the organic by the green plant, and the relation between nerve-changes
and consciousness; are all impenetrable mysteries.

In his speech on the commemoration of the jubilee of his Professorship
in the University of Glasgow last year, Lord Kelvin said, "I know no
more of electric and magnetic force, or of the relation between ether,
electricity, and ponderable matter, or of chemical affinity than I knew
and tried to teach my students of natural philosophy fifty years ago in
my first session as professor."

This recognition of limitations will content those who seek not "after a
sign". For others, that search will continue to have encouragement not
only from the theologian, but from the pseudo-scientific who have
travelled some distance with the Pioneers of Evolution, but who refuse
to follow them further. In each of these there is present the
"theological bias" whose varied forms are skilfully analyzed by Mr.
Spencer in his chapter under that heading in the Study of Sociology.
This explains the attitude of various groups which are severally
represented by Mr. St. George Mivart, and the late Dr. W. B. Carpenter;
by Professor Sir Geo. G. Stokes, and Mr. Alfred Russel Wallace. The
first-named is a Roman Catholic; the second was a Unitarian; the third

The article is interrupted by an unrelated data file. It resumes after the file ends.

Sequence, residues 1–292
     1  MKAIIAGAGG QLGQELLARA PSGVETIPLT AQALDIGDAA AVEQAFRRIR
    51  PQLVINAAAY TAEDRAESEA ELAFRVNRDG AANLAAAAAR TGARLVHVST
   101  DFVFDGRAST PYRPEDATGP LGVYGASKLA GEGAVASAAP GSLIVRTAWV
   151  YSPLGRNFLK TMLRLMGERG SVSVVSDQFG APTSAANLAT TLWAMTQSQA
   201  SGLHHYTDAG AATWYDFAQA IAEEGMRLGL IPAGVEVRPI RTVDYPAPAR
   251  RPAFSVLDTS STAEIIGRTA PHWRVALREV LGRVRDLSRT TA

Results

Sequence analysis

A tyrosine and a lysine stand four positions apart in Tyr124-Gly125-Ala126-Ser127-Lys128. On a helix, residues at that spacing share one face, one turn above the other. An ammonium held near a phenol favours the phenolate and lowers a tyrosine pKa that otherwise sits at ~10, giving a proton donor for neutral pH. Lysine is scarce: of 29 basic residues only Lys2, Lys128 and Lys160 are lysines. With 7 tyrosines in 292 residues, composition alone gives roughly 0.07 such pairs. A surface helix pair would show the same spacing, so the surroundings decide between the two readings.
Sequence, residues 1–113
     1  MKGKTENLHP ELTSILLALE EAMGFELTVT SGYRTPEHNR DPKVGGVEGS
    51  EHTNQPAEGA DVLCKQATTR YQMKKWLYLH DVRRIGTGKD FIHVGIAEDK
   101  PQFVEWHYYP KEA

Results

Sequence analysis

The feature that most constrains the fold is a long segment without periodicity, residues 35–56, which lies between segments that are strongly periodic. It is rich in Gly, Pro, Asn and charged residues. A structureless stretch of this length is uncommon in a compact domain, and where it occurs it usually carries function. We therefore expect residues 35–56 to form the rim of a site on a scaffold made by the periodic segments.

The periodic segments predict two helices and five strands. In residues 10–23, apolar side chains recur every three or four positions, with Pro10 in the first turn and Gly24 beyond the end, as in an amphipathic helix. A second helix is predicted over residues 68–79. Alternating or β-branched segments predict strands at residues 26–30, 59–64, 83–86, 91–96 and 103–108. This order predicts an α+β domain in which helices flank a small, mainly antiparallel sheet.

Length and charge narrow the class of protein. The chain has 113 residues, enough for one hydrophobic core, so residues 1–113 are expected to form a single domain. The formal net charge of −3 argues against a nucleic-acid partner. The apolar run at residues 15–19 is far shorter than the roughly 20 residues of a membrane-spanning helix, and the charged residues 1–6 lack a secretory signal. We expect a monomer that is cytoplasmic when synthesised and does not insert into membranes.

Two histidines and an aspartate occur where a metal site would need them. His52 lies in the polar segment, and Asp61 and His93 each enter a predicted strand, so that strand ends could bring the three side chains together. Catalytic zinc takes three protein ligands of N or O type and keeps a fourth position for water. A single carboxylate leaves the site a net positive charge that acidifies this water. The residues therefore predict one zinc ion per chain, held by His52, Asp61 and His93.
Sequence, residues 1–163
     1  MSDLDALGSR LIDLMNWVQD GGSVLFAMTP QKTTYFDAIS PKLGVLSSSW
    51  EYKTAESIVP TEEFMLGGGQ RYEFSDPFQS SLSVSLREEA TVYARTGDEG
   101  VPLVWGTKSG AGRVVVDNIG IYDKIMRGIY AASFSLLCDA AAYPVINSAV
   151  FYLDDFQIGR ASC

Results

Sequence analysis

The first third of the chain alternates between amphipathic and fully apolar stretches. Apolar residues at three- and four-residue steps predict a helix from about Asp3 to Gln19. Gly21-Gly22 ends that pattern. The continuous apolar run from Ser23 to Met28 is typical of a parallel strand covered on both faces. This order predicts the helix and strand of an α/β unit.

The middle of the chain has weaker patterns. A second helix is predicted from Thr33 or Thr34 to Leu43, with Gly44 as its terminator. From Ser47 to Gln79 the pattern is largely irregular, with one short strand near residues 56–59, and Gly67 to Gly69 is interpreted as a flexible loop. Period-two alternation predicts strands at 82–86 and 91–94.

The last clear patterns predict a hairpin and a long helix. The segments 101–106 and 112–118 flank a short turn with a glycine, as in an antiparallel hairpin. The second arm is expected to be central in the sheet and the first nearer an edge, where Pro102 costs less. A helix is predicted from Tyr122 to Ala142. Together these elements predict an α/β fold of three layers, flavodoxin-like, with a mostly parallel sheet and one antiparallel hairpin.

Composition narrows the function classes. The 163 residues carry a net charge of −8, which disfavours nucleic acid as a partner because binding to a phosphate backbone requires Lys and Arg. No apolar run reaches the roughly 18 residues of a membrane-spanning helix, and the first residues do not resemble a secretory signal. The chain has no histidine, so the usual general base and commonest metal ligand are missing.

is an orthodox Churchman, and the fourth, as already seen, is a
Spiritualist. In his Genesis of Species, Mr. Mivart contends that "man's
body was evolved from pre-existing material (symbolised by the term
'dust of the earth'), and was therefore only derivatively created,
i. e., by the operation of secondary laws," but that "his soul, on the
other hand, was created in quite a different way ... by the direct
action of the Almighty (symbolised by the term breathing)," p. 325. In
his Mental Physiology, Dr. Carpenter postulates an Ego or Will which
presides over, without sharing in, the causally determined action of the
other mental functions and their correlated bodily processes; "an entity
which does not depend for its existence on any play of physical or vital
forces, but which makes these forces subservient to its determinations"
(p. 27). Professor Mivart actually cites St. Augustine and Cardinal
Newman as authorities in support of his theory of the special creation
of the soul. He might with equal effect subpoena Dr. Joseph Parker or
General Booth as authorities. Dr. Carpenter argued as became a good
Unitarian. In his Gifford Lectures on Natural Theology, Professor Stokes
asserts, drawing "on sources of information which lie beyond man's
natural powers," in other words, appealing to the Bible, that God made
man immortal and upright, and endowed him with freedom of the will. As,
without the exercise of this, man would have been as a mere automaton,
he was exposed to the temptation of the devil, and fell. Thereby he